The Los Angeles City Planning Commission ruled unanimously on Jan. 28 to approve an expansion project proposed by Valley Beth Shalom (VBS) in Encino.
The Commission voted 6-0 in support of the Conservative congregation’s plan for a new multi-level parking garage and four replacement buildings.
“We thought we had a very persuasive argument and a good reason that [the city] should endorse and approve it,” said Andy Hyman, President of VBS. “But getting a 6-0 vote surprised us. We are very thankful.”
The plan has critics, however, including Homeowners of Encino, a watchdog organization for Encino community issues, as well as some residents who live close to VBS and representatives from Douglas Emmett, which owns an adjacent office building. They have expressed concerns about the potential noise and traffic from the construction and voiced opposition to the parking garage, which will be built on the site of the existing parking lot. Some neighbors have posted “Stop VBS Expansion” signs outside their homes.
“We have been supportive of the project,” said Gerald Silver, president of Homeowners of Encino, who spoke at the hearing. “The only part of it that’s not defensible is the parking [garage], given that you have residents directly across the street.”
The current parking lot sits behind the Douglas Emmett building. VBS hopes to demolish the lot and build a three-level garage with a roof deck for a playground.
Emmett offered to lease spaces from their parking structure to VBS — a cheaper option than building an entire new structure, they argued. VBS rejected the offer. “VBS is looking to be self-contained, self-sustaining, so we’re not dependent upon parking spaces in an adjacent facility,” Hyman said.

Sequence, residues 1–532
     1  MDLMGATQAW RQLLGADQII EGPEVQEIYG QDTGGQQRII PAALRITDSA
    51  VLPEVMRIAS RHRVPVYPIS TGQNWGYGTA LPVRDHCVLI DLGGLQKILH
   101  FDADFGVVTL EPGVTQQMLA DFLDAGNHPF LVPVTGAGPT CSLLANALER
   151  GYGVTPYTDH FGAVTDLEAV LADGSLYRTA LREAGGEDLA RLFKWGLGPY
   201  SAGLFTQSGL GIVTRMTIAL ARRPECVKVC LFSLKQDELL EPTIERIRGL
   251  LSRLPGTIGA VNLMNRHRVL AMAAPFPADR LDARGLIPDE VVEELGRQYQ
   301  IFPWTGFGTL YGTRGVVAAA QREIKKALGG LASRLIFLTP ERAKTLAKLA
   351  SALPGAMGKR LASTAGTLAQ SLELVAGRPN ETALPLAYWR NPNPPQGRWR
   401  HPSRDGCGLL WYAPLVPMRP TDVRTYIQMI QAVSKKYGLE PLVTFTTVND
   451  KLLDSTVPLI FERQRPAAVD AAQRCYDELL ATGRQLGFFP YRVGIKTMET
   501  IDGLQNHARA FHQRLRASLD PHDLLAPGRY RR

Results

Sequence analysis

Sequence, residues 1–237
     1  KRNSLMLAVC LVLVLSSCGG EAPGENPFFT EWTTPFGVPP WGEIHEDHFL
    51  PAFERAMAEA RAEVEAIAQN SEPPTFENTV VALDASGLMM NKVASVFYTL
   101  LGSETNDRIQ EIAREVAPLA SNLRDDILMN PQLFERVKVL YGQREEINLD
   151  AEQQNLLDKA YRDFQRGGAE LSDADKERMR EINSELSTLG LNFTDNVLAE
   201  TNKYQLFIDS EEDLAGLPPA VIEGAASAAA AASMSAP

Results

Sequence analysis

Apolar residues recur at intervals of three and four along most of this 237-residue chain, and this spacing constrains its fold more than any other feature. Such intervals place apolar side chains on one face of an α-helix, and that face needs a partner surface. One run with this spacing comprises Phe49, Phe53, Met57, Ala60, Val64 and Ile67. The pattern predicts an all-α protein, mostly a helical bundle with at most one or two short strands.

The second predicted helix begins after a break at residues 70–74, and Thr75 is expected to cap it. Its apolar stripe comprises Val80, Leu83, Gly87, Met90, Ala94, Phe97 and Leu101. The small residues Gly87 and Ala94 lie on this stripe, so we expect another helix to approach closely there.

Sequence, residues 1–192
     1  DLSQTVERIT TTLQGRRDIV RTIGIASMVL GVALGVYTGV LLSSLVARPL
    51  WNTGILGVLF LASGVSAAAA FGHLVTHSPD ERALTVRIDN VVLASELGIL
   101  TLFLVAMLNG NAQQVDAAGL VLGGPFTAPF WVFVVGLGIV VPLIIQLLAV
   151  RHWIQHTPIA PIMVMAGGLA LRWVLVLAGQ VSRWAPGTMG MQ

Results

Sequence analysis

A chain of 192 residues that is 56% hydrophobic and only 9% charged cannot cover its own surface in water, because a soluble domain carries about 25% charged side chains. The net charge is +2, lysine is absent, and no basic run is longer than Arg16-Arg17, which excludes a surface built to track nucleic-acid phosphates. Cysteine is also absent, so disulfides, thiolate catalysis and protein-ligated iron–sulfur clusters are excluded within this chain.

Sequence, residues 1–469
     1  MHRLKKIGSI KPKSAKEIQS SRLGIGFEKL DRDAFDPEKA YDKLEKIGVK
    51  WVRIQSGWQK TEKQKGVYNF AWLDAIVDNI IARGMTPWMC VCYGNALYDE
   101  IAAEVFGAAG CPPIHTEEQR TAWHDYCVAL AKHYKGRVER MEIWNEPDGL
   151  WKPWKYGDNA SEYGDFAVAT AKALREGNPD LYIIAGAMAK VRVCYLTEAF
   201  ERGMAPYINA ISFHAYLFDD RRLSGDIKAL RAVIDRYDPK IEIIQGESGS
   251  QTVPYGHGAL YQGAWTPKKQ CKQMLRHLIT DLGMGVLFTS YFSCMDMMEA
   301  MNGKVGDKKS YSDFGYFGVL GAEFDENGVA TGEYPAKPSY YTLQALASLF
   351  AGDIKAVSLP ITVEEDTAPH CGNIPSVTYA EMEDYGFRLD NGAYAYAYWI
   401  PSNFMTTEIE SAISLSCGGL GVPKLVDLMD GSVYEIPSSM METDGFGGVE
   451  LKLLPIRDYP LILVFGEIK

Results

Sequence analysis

The groups opposed to the new parking structure say they may file an appeal against the Commission’s decision, but nothing official has been done as of Tuesday. If there is no appeal, the city’s decision is final.
Even if the ruling stands, construction will not start immediately. VBS officials said they must first secure funding.
The expansion of the synagogue, nursery school, day school, administrative facilities and social hall would increase total enrollment at VBS schools from 820 to 1,079 students. The idea for development started six years ago, when more children than could be accommodated applied to the nursery school. VBS hired an architect from Boston for the job.
Los Angeles Mayor Antonio Villaraigosa and 5th District Councilman Paul Koretz have endorsed the project.
“We’re trying to be good neighbors,” said Hyman. “That is the real key to this. We are trying to be respectful of the community, and I think the community appreciates that.”
VBS is not the only congregation with ambitious construction plans. Others include Wilshire Boulevard Temple, Temple Judea and Temple Israel of Hollywood, which are also planning expansion of their facilities.
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